This section is from the "Architectural Iron And Steel, And Its Application In The Construction Of Buildings" book, by WM. H. Birkmire.. Also see Amazon: Architectural Iron And Steel, And Its Application In The Construction Of Buildings.
When the fracture of an iron lintel is produced by vertical pressure, the fibres or molecules of the lower section are separated by extension; consequently a lintel of the section shown in Fig. 1, when the weight is imposed, will have the bottom flange C in a state of tension and the top rib D in a state of compression, and the parts of the section generally will be extended or compressed according to their distance from the neutral axis A - B.
If cast-iron lintels were required to serve to the full extent of the power of the metal to resist rupture, the base or bed should be five times the top flange, cast iron in compression being 5 to 1 in tension.* On the other hand, they are seldom subjected in practice to the ultimate load, and when the flanges are as 1 to 4 the proportion meets the requirements of practice.
Allowance of an excess of strength should be made where a lintel is loaded more on one side than on the other, as it always has a tendency to twist and thus produce fracture.
In the plain cast-iron lintel, Fig. 2, the weakest part is the top of the vertical part C. It cannot resist compression in a degree corresponding to its tenacity, and by many experiments made as to its strength it is found that fracture is produced by the crushing of the vertical part C; by stiffening the web, as shown in Fig. 5, the strength is somewhat increased (see test, lintel B). This also occurs when the lintel is built in with the wall, being thus braced by the surrounding masonry.
* In first-class foundries a high average is 20,000 pounds per square inch in tension. This gives 4 1/2 to I.
Lintels For Iron Fronts are placed between upright and continuous columns of fronts, or a continuous line of lintels is placed on top of the columns to receive the cornice and masonry. The ribs with holes in the ends are for bolting the lintels to each other and to columns. (See article Iron Fronts).
Sidewalk Lintels as shown by Fig. 7, are made to receive the granite sidewalk A and vault lights B. The lintel should be one inch lower than the granite, to form a rebate for the vault-light frame. Where several lintels are in one line, they are connected and bolted together similarly to lintels for fronts, Fig. 6.
This acts as a finished window head and lintel at the same time. It is set flush with wall outside, the section at A being formed for the head of window frame.
Where lintel beds are required to be over 16 inches wide more than one web is used. For handling and moulding it is best to make the beds not more than 24 inches wide; if wider than this, several lintels with double webs should be placed side by side.
For openings where the window-head lintels are used the sills are made of cast iron 3/8 of an inch thick, with a wash on top and lip on back to receive the sill of window frame.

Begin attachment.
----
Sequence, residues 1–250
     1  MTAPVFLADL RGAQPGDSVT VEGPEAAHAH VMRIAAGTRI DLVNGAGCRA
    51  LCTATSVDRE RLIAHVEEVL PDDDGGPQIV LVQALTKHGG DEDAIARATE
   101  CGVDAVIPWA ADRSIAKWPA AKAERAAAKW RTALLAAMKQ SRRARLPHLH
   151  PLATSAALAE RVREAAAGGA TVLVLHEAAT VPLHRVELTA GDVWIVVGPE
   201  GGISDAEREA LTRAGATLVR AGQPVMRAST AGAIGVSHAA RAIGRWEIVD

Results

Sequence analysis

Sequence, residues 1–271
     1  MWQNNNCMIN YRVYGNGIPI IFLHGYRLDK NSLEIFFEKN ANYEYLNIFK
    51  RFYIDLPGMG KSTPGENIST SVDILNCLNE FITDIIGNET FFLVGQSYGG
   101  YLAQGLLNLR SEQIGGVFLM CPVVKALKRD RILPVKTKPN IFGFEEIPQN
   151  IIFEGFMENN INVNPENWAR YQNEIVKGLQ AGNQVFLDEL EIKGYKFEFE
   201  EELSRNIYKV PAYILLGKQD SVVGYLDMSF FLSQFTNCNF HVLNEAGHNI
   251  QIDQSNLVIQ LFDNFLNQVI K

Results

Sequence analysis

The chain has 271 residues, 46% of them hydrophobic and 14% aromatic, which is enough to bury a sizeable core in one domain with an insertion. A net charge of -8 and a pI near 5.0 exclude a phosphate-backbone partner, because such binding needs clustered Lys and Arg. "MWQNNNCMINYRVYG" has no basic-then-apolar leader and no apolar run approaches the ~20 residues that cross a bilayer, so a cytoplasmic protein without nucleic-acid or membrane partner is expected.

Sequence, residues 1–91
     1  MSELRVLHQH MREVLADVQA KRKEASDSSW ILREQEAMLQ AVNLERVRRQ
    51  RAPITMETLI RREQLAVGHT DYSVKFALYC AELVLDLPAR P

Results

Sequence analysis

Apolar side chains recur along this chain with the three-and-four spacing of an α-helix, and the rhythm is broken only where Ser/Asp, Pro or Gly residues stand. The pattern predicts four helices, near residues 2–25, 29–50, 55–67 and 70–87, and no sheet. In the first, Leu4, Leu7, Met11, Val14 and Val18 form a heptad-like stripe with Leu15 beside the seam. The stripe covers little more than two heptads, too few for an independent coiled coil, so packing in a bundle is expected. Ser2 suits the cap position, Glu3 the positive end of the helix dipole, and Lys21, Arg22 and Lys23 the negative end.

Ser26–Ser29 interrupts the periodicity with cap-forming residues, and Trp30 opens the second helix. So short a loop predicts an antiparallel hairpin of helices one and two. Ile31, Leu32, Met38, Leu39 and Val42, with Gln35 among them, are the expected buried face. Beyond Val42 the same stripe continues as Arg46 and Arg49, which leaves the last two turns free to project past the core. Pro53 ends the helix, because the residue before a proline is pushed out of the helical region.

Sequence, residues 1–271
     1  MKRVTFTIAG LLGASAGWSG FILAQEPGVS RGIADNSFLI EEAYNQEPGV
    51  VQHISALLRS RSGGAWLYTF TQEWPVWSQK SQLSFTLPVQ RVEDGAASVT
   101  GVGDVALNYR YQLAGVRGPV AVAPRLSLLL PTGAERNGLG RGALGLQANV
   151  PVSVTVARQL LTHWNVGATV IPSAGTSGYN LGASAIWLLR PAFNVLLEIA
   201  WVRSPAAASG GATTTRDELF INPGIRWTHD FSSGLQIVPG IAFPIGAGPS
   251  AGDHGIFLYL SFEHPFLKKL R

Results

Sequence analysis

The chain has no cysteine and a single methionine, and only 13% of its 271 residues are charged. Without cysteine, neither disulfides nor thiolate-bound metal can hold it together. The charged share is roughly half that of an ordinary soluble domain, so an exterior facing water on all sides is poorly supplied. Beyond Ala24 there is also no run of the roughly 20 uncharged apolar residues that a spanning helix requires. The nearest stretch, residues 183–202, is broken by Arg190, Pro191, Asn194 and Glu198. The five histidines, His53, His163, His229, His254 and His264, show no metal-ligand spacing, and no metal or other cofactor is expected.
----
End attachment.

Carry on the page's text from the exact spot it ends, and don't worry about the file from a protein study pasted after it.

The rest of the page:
Mr. Hodg-kinson gives for breaking weight W, when the bottom flange is four times the top flange, W=(ca'd)/l, in which W= breaking weight at middle; / = span in inches ; d = extreme depth in inches; a = area of bottom flange; c = 26, a constant derived from experiment where the weight was in tons of 2240 pounds and the dimensions all in inches; and therefore W = (26a'd)/l, where a is a factor of safety equal to 5, W= (26ad)/(al), or a = (Wal)/(26d).
What should be the area of the bottom flange of a lintel to sustain safely a load at middle of 10 tons, span 12 feet, height of lintel at centre 12 inches ? By formula, a = (10x5x144)/(26x12)= 23.1 inches.
The web at end need only be thick enough to resist the shearing strain upon the metal. Owing to the tendency to fracture when the casting is cooling, the thickness of web should not be less than the flange.
The results of some tests on cast iron, among which were two cast-iron lintels, by Geo. A. Just, C.E., for the Jackson Architectural Iron Works, illustrated in vol. XXII (Feb. 1890), Transactions of the Am. Soc. C. E., gave results corresponding nearly with those of the above formula for W, when the lower flange was four times the top flange.
The lintels here illustrated were proportioned as follows:
Length.............6 feet 3 1/8 inches.
Width of bottom flange.....12 "
Depth at centre............ 12 "
" " ends..............4 "
Average thickness of flange.13/18 "
" web....7/8 "
Clear span............5 feet 6 "
Ultimate strength... .98,450 pounds.
Weight................275 1/2 pounds.
Length..............7 feet 4 inches.
Width of bottom flange .. .12 "
Depth at centre............8 "
" " ends..............4 "
Average thickness of flange. 5/8 "
" web...3/4 "
Clear span...................6 feet.
Ultimate strength.....40,030 pounds.
Both lintels were subjected to a centre load. When 81,700 pounds had been applied to lintel A, its deflection was approximately 5/8 inch. Upon releasing the load an approximate set of 1/8 inch was found, and the lintel broke in the centre, its load being applied practically at one point.
In the case of lintel B, failure took place by tearing of the lower flange, the web having been stiffened by triangular brackets, and the lintel broke at the flaw about 6 inches from the centre, its load being distributed over the web for a length of 8 inches.
By formula, W = (26a'd)/l.
Then for lintel A,
W = (26x9.75x12)/66 = 46 tons(2240 lbs.) or 103,040 lbs.; and for lintel B,
W = (26x7.5x8)/72= 22 tons, or 49,280 lbs.
From the above formula and tests, lintels in ordinary use, as Figs. 3 and 5, may be employed, - the circumstances of the case regulating their proper use; - a factor of safety of 5 being adopted.